When it opened, in 1938, Kalamaki Airfield, as it was then known, stretched out between the Aegean Sea and the countryside of East Attica, five miles south of central Athens. By the time it closed, in 2001, Ellinikon International Airport, as it had become, was in the middle of the city, engulfed by an ocean of apartment buildings. Operating at well over capacity and unable to expand, it was replaced by Athens International Airport Eleftherios Venizelos, which entered service in anticipation of the 2004 summer Olympics. After closure, in preparation for the games, the section of the disused airport nearest the city center was converted into sports facilities—the grass between runways became hockey, baseball, and softball fields, the aircraft-repair hangar transformed into a basket- and handball arena, while a whitewater course for canoe and kayak slaloming was dug where cargo services once operated. But, following the Olympics, the sports facilities were abandoned, after which the 2008 financial crash and the ensuing Greek government-debt crisis saw to it that the future of the 1,500-acre site would hang in the balance for well over a decade.
All of that changed in 2020 when demolition work began as part of a 25-year redevelopment program, master-planned by Foster + Partners, that will see Ellinikon become a new residential neighborhood, coastal resort, and 600-acre park. “The largest urban regeneration project in Europe,” according to Lamda Development, the Greek real-estate company behind the estimated-$8 billion scheme, it will include thousands of new homes, upmarket shopping malls and hotels, a business park, sports facilities, a mega-yacht marina, and other leisure destinations such as a cultural center in Eero Saarinen’s East Terminal building (1960–69), one of several airport structures that will be preserved and repurposed. In 2021, in a shrewd marketing move, Lamda opened the Ellinikon Experience Park, a tiny chunk of the much bigger Ellinikon Metropolitan Park (slated for completion in 2030), as well as a giant visitor-information center inside the renovated Air Force Hangar C (one of three hangars at Ellinikon landmarked by the Greek culture ministry).
South of central Athens, the Ellinikon Park development (1) will replace a disused airport with a residential area, coastal resort, and 600-acre park (2 & 3). Images courtesy Sasaki, click to enlarge.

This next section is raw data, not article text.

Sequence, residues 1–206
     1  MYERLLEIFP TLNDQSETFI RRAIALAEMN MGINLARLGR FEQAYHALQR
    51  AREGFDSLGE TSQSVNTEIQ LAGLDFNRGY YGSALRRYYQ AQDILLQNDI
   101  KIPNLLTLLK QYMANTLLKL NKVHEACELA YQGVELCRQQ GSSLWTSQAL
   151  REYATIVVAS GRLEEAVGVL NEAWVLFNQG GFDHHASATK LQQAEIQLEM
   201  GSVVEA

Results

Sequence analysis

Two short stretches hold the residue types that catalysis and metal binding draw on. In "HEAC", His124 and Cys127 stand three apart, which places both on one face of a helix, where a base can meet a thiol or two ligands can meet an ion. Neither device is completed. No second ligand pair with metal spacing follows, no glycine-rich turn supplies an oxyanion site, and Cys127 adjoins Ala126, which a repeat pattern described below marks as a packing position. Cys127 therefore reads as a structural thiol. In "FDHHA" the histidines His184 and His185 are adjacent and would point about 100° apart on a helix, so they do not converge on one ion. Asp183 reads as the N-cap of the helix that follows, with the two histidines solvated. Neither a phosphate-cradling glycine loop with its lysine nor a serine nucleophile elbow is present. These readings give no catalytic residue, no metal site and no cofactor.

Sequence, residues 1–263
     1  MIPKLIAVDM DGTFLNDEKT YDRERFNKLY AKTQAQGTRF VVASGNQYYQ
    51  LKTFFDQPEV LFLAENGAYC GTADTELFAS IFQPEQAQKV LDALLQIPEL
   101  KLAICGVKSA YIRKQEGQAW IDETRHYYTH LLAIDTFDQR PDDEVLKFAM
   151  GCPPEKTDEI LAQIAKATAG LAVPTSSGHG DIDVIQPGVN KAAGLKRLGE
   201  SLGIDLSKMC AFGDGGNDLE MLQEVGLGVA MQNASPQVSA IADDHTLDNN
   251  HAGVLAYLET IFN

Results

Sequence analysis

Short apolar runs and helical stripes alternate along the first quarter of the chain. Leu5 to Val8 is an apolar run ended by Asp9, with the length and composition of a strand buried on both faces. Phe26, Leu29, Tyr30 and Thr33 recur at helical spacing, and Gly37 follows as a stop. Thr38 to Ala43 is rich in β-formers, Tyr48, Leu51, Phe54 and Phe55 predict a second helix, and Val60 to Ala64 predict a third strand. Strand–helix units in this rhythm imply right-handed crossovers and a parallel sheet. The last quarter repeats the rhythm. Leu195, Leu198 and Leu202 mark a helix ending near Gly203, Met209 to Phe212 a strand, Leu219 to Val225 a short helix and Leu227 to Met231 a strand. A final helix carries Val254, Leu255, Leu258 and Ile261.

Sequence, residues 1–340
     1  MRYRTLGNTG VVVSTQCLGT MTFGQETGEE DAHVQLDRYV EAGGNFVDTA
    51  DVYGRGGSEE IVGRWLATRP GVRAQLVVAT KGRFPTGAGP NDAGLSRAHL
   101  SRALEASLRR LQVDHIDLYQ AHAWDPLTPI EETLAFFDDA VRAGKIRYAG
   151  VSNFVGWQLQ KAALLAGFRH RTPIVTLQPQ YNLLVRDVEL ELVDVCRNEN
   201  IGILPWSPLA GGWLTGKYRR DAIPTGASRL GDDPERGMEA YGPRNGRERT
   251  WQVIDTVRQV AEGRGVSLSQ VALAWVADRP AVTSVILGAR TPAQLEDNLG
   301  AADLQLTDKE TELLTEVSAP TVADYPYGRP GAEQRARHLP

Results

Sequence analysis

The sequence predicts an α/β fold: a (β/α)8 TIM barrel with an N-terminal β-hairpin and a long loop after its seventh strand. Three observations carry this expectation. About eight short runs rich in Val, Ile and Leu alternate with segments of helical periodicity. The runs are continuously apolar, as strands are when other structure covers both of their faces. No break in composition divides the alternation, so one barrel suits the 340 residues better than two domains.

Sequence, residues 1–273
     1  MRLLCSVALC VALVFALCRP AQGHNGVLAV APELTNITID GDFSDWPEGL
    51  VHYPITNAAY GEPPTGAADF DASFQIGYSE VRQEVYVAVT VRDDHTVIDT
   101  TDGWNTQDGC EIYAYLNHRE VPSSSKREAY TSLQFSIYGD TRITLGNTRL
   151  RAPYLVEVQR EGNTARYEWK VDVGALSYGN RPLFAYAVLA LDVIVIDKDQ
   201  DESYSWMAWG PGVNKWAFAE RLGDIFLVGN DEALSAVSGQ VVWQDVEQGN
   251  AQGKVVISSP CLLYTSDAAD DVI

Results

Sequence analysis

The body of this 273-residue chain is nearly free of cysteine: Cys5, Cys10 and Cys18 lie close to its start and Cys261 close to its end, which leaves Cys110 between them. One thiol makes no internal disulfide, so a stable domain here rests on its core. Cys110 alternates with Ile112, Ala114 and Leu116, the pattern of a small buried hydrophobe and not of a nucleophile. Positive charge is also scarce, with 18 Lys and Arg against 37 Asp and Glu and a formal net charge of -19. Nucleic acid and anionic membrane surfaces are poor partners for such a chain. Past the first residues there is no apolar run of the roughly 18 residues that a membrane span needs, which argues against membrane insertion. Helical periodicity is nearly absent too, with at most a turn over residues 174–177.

Today, as depollution and infrastructure works continue, ground has broken on Foster + Partners’ Riviera Tower—one of two waterfront skyscrapers planned for Ellinikon—which, at 650 feet, is set to become Greece’s tallest building when the luxury residential complex completes in 2026. In its shadow, next to the marina, Kengo Kuma’s wave-canopied Riviera Galleria, “the finest luxury retail and leisure development in Athens” according to Lamda’s promotional blurb, will follow at an as-yet-unspecified date. Just inland, and therefore slightly down-market, the recently announced Little Athens, one of the Ellinikon’s new residential neighborhoods, will consist mostly of 66-foot-high apartment buildings as well as a handful at 164-feet-high, one of which, the BIG-designed Park Rise, will form the sector’s centerpiece with a “concave facade [that] creatively reimagines the classic Greek column.”
The BIG-designed Park Rise will be at the heart of one residential sector. Image courtesy of Bjarke Ingels Group
In a low-wage Greece, where the economic situation remains precarious and young Athenian families have great difficulty buying homes, the Ellinikon project has been criticized for catering only to the rich foreigners who will be able to afford its upscale living. In response, the project’s backers stress the need for overseas investment and the jobs that the development will create. But the cash-strapped Greek authorities can perhaps claim one unalloyed victory, namely that so much of the Ellinikon site has been earmarked for parkland. In a city notoriously lacking public parks—Athens comes second to last in the European Environment Agency’s ranking of urban green space and tree cover in the continent’s capitals, and its densely built neighborhoods already broil in average July temperatures of 91 degrees Fahrenheit—a huge green lung has the potential to make a palpable and lasting difference. According to American landscape architects Sasaki, who are masterminding the park, it will not only increase the allocation of open space per inhabitant by 44 percent but will also “have a significant impact on Athens from a climate perspective.”
A beachfront promenade is also part of the plan. Image courtesy Sasaki
As commercial passenger aviation passes its centenary, Ellinikon joins a growing number of obsolete airfields—among them Berlin’s Tempelhof, Quito’s Mariscal Sucre, Shanghai’s Longhua, and two former airports in the Taiwanese city of Taichung—that have been wholly or partly repurposed as public parks. But this is perhaps the first time that such care will have been taken to make the project as low-carbon as possible. Besides recycling all demolished concrete and using the Olympic whitewater course as an ornamental lake, to be filled with stormwater, Sasaki plans to pile up chunks of marble-aggregate runway to form a fountain of concrete menhirs that will be fed, like the park’s irrigation system, with treated wastewater. Thirty percent of the park is planned for higher-maintenance frequent human-contact use, while the remainder will be landscaped so as to reestablish local Mediterranean ecosystems. Setting “a new standard for ecological restoration,” the park will “resonate for the next 1,000 years,” claims Sasaki.